The GMGI Science Hour with Dr. Erinn Muller and Dr. Hanna Koch: A Warm Up
Known as: Associate Vice President for Research, Program Manager for Coral Health and Disease, Coral Restoration, and Senior Scientist (Dr. Muller); Postdoctoral Research Fellow (Dr. Koch) at Mote Marine Laboratory
Based out of: Sarasota and Summerland Key, Florida
What they do in 10 words or less: Study coral resilience and ways to restore existing coral reefs
Why what they do is important to you: Florida’s coral reef, which expands from central Southern Florida to the Dry Tortugas, is incredibly important to Florida’s ecosystem health and biodiversity, as well as to its economy. It’s estimated to be worth at least $8 billion to the state, providing over 70,000 local jobs and attracting 16 million visitors a year.
In addition to the 25% of marine life that relies on coral reefs, offshore reefs absorb wave energy, reducing erosion and protecting nearby shorelines, which helps prevent property destruction or any type of issues that could be related to wave force or wave height from storms. They also are an incredibly important source of novel medicines, with the unique compounds found in coral reefs being used to fight ailments like cancer, drug-resistant bacteria or memory loss.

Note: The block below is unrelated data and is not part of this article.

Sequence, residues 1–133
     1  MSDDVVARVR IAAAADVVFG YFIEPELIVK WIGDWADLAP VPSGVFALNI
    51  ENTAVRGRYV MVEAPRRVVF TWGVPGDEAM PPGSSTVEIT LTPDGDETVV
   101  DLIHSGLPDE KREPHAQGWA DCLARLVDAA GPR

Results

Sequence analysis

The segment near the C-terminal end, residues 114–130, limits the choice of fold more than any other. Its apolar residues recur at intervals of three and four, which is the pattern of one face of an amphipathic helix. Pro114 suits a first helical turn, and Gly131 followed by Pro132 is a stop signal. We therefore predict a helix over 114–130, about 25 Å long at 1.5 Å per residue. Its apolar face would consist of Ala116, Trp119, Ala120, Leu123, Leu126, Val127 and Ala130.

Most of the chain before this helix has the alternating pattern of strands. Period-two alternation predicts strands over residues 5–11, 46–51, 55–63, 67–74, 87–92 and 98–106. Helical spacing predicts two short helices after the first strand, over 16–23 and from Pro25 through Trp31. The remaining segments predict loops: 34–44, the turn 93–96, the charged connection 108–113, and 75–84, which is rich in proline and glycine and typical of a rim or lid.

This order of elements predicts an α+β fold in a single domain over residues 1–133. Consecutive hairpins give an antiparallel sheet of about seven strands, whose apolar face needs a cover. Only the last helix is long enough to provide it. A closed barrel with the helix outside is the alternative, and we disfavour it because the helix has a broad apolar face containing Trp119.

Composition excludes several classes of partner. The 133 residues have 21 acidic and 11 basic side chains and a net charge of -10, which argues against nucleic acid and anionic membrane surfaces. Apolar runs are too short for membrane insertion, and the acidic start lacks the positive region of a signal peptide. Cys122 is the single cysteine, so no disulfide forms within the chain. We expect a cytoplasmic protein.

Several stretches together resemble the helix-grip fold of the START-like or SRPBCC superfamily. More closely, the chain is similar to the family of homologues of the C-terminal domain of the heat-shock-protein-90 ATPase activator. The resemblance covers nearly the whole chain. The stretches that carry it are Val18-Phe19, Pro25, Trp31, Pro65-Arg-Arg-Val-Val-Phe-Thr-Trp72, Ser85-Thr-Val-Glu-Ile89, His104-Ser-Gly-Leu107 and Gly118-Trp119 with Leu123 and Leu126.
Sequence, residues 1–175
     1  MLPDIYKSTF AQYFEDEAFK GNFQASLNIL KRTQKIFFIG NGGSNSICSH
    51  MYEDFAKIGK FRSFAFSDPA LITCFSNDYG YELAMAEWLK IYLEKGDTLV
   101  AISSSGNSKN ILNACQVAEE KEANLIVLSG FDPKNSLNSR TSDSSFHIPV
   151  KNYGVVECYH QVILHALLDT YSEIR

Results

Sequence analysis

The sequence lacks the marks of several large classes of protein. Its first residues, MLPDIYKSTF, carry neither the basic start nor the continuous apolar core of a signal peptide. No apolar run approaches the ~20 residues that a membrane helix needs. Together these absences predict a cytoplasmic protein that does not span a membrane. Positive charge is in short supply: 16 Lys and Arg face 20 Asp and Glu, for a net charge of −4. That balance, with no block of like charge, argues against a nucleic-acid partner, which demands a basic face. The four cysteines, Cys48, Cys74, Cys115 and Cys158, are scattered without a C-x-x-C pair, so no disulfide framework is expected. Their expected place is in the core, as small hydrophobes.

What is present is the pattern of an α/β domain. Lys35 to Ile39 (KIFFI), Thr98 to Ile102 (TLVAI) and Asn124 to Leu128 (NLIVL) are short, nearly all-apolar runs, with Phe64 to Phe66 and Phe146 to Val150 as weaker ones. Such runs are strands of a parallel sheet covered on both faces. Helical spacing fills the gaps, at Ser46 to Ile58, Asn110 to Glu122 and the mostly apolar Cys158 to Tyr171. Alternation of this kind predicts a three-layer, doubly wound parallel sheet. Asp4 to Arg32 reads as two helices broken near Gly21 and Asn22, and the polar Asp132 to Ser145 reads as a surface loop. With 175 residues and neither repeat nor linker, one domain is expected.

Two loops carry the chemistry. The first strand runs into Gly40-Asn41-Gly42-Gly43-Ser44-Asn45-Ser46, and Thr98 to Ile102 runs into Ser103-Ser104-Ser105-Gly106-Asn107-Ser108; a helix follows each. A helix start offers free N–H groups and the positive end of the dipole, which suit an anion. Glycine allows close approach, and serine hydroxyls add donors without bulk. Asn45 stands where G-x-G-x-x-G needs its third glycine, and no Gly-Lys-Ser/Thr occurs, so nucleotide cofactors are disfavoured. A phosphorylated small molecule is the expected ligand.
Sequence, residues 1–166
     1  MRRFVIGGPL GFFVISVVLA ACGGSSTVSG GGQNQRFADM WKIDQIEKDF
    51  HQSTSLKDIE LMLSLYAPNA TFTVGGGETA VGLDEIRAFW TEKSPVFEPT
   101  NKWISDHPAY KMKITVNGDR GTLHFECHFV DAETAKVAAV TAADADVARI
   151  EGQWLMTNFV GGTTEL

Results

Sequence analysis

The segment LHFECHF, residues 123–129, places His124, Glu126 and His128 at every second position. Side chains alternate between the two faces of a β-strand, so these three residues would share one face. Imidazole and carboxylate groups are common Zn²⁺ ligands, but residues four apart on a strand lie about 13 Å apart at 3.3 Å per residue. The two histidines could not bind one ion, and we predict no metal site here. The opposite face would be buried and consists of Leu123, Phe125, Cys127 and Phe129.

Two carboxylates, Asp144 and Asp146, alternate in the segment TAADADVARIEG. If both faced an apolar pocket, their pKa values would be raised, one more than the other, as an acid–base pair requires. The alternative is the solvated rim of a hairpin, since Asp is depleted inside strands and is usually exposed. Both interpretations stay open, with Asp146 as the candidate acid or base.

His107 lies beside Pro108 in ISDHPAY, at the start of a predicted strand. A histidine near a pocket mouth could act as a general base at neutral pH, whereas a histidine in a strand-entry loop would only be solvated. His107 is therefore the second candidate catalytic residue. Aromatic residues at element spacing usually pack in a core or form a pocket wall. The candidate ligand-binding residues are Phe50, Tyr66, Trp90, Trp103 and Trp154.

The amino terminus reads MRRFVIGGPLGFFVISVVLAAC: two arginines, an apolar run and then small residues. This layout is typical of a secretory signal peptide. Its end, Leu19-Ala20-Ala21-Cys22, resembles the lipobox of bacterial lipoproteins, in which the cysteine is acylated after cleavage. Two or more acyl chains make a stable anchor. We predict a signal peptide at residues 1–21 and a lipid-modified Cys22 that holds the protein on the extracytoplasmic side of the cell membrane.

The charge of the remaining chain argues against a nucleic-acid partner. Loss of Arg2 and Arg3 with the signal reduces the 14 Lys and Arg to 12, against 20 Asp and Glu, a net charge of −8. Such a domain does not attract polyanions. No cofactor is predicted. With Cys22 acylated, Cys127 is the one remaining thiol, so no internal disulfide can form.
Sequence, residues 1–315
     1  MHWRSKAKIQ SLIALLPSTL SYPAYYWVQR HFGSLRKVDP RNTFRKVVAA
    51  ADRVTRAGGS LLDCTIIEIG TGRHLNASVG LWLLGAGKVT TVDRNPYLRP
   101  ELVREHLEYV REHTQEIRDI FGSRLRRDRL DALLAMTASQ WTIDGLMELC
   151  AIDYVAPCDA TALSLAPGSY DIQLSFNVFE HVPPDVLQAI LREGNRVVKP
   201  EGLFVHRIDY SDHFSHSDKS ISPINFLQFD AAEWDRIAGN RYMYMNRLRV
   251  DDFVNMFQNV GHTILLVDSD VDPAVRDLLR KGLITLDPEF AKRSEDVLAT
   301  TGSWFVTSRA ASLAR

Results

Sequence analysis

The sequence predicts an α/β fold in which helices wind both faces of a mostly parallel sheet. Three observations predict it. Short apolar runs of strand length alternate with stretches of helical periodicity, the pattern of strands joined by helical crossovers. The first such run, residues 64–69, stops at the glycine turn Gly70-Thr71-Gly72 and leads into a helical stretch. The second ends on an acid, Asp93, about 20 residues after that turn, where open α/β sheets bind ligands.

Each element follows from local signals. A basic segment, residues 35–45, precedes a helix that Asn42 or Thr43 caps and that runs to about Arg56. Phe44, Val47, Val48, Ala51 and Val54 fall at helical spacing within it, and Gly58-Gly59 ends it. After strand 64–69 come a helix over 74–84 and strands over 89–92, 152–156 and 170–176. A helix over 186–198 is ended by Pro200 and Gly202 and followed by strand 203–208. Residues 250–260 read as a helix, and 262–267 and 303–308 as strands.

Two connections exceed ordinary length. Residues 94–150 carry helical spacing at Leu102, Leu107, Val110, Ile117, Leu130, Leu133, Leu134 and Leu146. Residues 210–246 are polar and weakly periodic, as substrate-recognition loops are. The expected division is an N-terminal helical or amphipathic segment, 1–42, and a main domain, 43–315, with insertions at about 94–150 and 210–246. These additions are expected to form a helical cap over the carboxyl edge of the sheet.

The current state of Florida corals is dire, with several species on the brink of functional extinction. Dr. Muller and Dr. Koch are conducting critically important research that focuses on what makes coral sick, but also what makes corals healthy and the unique responses that are sometimes seen when different genotypes of corals are exposed to stress.
What you’ll learn from the talk: Dr. Muller and Dr. Koch will discuss their efforts restoring Florida’s reefs through fragmentation, (similar to the propagation of a plant), determining which corals are resilient to some of the major threats in the ocean, and the how and why behind such resiliency.
They’ll also discuss how their findings are shared with Mote’s Coral Restoration Program, which cares for 20,000 to 25,000 corals in their offshore nurseries, and another 30,000 in their land-based nursery. These science-based restoration efforts work to increase the genetic diversity and adaptive potential of restored coral populations, so that they can more effectively cope with environmental change and stress.
Fragmentation – breaking the corals into smaller pieces of 1 to 5 polyps using a specialized saw, allowing them to grow at 25 to 50 times the normal growth rate
Outplanting – the process of replanting new corals into an existing reef
Ocean Acidification – the declining pH of our ocean chemistry
Gametes — reproductive cells (egg and sperm) containing only one set of dissimilar chromosomes, or half the genetic material necessary to form a complete organism
Genotypes – genetic makeup of an organism
Fun fact: Worldwide, reefs make up just 1% of the ocean floor, but are home to 25% of marine life.
When: Thursday, November 4 at 7:30pm on Zoom. Register here.
This Science Hour is brought to you by our Presenting Sponsors: the James & Gale Bacon Family Trust, the 1911 Trust and Ms. Elizabeth Moore and Supporting Sponsors: Eppendorf, Norland Associates, and Common Crow.